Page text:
This Supreme Court of Appeal judgment grappled with whether the claim involving latent and undisclosed defects discovered sometime after the claimant had purchased the property, had prescribed.

It is well established law that the debt becomes due, and prescription begins to run, when the creditor has the minimum facts necessary to institute action.

The running of prescription is not postponed until a creditor becomes aware of the full extent of their legal rights, nor until a creditor has evidence that would enable then to prove a case “comfortably”. 

But, as in this case, often the issue for determination is what constitutes the minimum known facts for prescription to have started running. 

The onus is on the party raising prescription to establish that the claimant was in possession of sufficient facts to cause them, on reasonable grounds, to believe that they had a claim against the defendants and that the defendants were aware of the defects but failed to disclose them or that the defects were concealed by those defendants.

When the claimant had acquired the minimum knowledge necessary to insert action is a factual enquiry.

The court referred to and cited with approval, three significant prescription judgments:

‘In a delictual claim, the requirements of fault and unlawfulness do not constitute factual ingredients of the cause of action, but are legal conclusions to be drawn from the facts:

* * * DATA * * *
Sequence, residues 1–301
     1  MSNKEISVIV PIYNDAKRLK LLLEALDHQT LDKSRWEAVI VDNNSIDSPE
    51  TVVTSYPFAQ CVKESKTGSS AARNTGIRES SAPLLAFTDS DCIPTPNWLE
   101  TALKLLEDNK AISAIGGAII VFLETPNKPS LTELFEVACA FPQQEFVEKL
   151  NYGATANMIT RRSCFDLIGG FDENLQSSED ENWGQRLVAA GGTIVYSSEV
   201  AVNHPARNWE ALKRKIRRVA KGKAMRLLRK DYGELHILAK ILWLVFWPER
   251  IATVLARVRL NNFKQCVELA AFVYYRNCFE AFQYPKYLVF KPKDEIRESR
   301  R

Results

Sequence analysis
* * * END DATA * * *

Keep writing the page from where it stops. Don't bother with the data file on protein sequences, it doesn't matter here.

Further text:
“A cause of action means the combination of facts that are material for the plaintiff to prove in order to succeed with his action. Such facts must enable a court to arrive at certain legal conclusions regarding unlawfulness and fault, the constituent elements of a delictual cause of action being a combination of factual and legal conclusions, namely a causative act, harm, unlawfulness and culpability or fault”.

Truter and Another v Deysel [2006] (4) SA 168 (SCA)

“In order to successfully invoke s 12(3) of the Prescription Act, either actual or constructive knowledge must be proved. Actual knowledge is established if it can be shown that the creditor actually knew the facts and the identity of the debtor. The appellant places no reliance on actual knowledge but on constructive knowledge. Constructive knowledge is established if the creditor could reasonably have acquired knowledge of the identity of the debtor and the facts on which the debt arises by exercising reasonable care. The test is what a reasonable person in his position would have done, meaning that there is an expectation to act reasonably and with the diligence of a reasonable person. A creditor cannot simply sit back and “by supine inaction arbitrarily and at will postpone the commencement of prescription”. What is required is merely the knowledge of the minimum facts that are necessary to institute action and not all the evidence that would ensure the ability of the creditor to prove its case comfortably.”

            Macleod v Kweyiya [2013] (6) SA 1 (SCA)